This paper presents the results of an investigation into fracture growth pattern in three horizontal wells, each fractured multiple times. The completion system was selected such that it allowed recording of the bottom-hole pressure in two critical locations; at the frac port which was being fractured, and, within the previously fractured part of the same wellbore. Downhole cups isolated the two locations from each other.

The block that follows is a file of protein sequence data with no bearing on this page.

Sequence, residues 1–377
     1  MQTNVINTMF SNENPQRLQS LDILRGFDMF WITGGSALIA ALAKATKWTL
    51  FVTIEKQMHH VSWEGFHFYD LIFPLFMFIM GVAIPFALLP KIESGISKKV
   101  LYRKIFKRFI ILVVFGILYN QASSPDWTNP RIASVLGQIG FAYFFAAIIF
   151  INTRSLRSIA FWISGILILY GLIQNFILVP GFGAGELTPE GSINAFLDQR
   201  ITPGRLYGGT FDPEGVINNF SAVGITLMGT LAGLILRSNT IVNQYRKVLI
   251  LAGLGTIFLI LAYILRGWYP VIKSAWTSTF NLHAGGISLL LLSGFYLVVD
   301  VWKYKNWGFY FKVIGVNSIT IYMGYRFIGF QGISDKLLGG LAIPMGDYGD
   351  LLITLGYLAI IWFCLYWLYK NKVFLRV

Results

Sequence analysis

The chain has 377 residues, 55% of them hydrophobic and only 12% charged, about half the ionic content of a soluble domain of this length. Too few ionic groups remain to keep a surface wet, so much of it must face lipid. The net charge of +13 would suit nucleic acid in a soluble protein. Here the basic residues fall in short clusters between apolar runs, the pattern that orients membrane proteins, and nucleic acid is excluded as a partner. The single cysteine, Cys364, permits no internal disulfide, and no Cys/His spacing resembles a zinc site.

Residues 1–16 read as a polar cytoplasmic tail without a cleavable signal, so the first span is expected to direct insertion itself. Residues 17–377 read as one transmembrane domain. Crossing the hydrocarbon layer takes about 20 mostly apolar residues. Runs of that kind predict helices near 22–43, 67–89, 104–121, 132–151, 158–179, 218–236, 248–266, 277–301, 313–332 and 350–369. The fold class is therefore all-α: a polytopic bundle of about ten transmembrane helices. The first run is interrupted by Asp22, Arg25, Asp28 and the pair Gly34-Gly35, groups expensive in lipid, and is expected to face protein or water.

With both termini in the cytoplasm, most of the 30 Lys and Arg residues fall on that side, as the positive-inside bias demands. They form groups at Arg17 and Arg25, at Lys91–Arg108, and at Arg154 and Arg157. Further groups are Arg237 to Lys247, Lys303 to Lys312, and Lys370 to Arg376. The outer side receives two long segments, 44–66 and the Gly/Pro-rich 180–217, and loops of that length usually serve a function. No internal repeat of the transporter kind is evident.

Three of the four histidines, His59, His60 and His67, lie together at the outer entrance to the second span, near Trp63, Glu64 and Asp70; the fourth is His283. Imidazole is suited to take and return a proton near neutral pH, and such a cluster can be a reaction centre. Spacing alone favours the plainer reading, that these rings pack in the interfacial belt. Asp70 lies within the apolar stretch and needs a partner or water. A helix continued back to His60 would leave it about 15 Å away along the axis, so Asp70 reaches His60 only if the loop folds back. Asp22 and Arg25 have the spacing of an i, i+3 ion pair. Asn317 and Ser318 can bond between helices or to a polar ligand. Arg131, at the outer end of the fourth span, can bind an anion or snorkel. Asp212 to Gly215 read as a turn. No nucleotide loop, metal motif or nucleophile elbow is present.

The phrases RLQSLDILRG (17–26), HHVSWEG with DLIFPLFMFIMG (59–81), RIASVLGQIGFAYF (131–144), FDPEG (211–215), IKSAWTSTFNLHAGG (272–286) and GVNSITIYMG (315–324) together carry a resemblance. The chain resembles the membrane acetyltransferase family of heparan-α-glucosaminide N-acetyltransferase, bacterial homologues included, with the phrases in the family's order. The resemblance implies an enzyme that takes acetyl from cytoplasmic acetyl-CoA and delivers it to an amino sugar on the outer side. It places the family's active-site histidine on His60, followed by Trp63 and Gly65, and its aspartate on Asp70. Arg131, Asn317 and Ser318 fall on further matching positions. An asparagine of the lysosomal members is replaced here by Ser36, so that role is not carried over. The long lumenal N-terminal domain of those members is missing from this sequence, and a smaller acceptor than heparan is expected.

The data show remarkable results. All fractures initiated axially and re-oriented to become perpendicular to the minimum principal stress (MPS). The re-orientation details varied widely between different fractures in the same well, and also between wells. In-spite of these variations, there was no communication within the formation between the multiple fractures. All fractures in the same well had the same value of MPS, and in fact nearly the same in all three wells. In one of the wells there was obstruction to proppant movement inside the fracture which caused increasing pressures during fracture extension. In one instance this resulted in screen-out very near the wellbore early in the treatment, and in another case inside the fracture and close to the end of the stage. Still, the high pressures encountered during these fractures did not cause communication with the previous fractures. The growth pattern in all fractures can best be described as off-balance, with no evidence of "complexity".